The dual-targeting of Saccharomyces cerevisiae Pso2 into the nucleus and mitochondria is regulated by post-translational modifications: Implications for organelle-specific DNA repair
The repair of DNA interstrand crosslinks (ICLs) involves the concerted action of multiple DNA repair pathways. In eukaryotes, ICLs are sensed and repaired by replication-coupled or replication-independent mechanisms in which PSO2/SNM1 is essential for unhooking an ICL. Previous work has shown that ICL-inducing agents cause damage to Saccharomyces cerevisiae nuclear and mitochondrial DNA (mtDNA), and its pso2/snm1 mutants exhibit a petite phenotype followed by loss of mtDNA integrity and copy number. Complex as it is, the cause and underlying molecular mechanisms remains elusive. In the first part of this study, we provide direct evidence that the S. cerevisiae nuclear-encoded Pso2 is a dual-localized ICL repair factor: it is imported into mitochondria and the nucleus, and its abundance increases in the mitochondria following treatment with DNA damaging agents. We reveal that Pso2 contains one mitochondrial targeting sequence (MTS) and two nuclear localization signals (NLS1 and NLS2) in its N-terminus, although NLS1 resides within the MTS. While MTS is necessary to guide the passage of Pso2 into the mitochondrial matrix, either NLS1 or NLS2 is sufficient for its import into the nucleus, implying that the two NLS motifs are functionally redundant. Ablation of MTS abrogated mitochondrial import of Pso2, and concomitant enrichment in the nucleus. Strikingly, mutations that render both NLS1 and NLS2 inactive, blocked nuclear import of Pso2; at the same time, increased its mitochondrial localization, consistent with the notion that the relationship between MTS and NLS motifs is competitive. However, the nuclease activity of import-deficient species of Pso2 was not impaired. The potential relevance of dual targeting of Pso2 to two genome-bearing organelles is discussed In the second part of this study, we combined a range of methods and approaches to determine the cell-intrinsic and extrinsic factors that regulate the intracellular distribution and function of Pso2 in ICL repair. Indeed, these approaches demonstrated that Pso2 is modified by ubiquitination and phosphorylation (but not SUMOylation) under normal growth conditions. Notably, we found that SUMOylation of Pso2 and its subsequent import into the mitochondria was induced by methyl methanesulfonate (MMS), but not cisplatin. We also demonstrate that the levels of MMS-induced Pso2 SUMOylation remain relatively constant throughout the synchronized cell cycle. Mutation of lysine residues (K97 and K575) within the SUMO consensus motifs in Pso2 abolished its import into the mitochondria. We further show that SIZ1 and SIZ2 SUMO E3 ligases act redundantly to catalyze SUMOylation of Pso2, while the former plays a dominant role in this process. Quite unexpectedly, we found that PSO1 (but not PSO2) was essential for attenuation of MMS-induced cell death; this implies that they function in non-overlapping ICL repair pathways or the former is epistatic to the latter. The findings reveal novel mechanistic insights into the regulation and intracellular distribution of Pso2 and shed new light on its function in DNA repair.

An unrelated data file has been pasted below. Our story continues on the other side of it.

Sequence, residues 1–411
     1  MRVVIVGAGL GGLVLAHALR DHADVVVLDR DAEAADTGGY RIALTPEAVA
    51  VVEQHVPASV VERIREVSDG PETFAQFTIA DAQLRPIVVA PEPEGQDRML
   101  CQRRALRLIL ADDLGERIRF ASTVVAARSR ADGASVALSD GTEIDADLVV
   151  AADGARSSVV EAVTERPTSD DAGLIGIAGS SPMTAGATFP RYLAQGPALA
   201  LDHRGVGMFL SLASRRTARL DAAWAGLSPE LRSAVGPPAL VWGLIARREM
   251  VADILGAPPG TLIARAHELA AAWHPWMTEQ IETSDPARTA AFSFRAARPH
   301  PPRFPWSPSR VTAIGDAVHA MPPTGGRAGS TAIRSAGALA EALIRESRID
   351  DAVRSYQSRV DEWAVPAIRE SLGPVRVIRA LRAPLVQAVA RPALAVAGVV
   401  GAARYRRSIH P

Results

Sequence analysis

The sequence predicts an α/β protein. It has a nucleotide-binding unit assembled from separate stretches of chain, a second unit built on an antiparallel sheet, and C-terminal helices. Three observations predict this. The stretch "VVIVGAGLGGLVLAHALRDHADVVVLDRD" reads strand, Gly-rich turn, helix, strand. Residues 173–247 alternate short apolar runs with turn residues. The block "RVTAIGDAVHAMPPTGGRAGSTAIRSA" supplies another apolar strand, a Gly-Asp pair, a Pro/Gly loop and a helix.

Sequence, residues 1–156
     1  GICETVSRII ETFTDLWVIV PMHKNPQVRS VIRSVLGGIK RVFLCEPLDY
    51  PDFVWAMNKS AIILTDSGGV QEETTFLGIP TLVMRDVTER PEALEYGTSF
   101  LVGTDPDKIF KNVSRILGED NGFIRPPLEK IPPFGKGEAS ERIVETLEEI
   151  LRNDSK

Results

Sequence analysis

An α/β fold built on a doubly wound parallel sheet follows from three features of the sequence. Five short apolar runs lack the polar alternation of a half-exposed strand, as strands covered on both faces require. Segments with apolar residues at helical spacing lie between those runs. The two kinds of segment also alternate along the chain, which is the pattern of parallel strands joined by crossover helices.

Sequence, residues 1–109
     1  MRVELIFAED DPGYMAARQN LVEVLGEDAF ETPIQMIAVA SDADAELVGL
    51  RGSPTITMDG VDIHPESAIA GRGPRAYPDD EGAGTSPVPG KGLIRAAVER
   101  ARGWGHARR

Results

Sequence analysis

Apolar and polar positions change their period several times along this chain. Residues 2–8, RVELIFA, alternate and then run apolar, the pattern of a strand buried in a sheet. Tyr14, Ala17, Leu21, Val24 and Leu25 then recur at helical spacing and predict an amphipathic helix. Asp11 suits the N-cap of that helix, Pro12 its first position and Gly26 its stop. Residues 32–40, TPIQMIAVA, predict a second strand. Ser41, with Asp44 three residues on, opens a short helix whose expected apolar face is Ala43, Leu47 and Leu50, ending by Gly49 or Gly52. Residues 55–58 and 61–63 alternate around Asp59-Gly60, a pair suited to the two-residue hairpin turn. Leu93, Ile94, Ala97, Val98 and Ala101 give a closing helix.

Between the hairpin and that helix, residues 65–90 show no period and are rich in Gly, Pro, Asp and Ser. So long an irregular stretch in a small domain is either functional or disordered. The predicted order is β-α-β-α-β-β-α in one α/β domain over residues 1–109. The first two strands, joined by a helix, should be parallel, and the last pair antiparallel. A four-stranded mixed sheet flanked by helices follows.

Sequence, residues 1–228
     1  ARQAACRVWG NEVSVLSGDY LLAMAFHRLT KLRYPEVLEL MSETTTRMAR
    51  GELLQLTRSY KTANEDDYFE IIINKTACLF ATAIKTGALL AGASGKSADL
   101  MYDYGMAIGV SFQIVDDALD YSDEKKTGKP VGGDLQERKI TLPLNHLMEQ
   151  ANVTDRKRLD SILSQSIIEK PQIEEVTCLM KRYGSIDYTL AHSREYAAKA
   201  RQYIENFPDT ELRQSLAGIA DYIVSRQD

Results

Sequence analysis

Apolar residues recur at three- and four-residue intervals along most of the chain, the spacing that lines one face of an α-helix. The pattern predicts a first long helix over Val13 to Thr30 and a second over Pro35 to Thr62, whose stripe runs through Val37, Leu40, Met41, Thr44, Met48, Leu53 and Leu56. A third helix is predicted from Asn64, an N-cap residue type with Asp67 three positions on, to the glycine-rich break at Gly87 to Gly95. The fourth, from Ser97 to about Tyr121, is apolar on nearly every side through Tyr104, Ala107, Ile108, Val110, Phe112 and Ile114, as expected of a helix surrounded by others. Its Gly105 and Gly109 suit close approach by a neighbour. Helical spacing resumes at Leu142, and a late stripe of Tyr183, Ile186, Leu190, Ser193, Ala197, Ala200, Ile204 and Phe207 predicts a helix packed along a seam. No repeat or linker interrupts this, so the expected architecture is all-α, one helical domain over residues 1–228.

- Biochemistry (BC)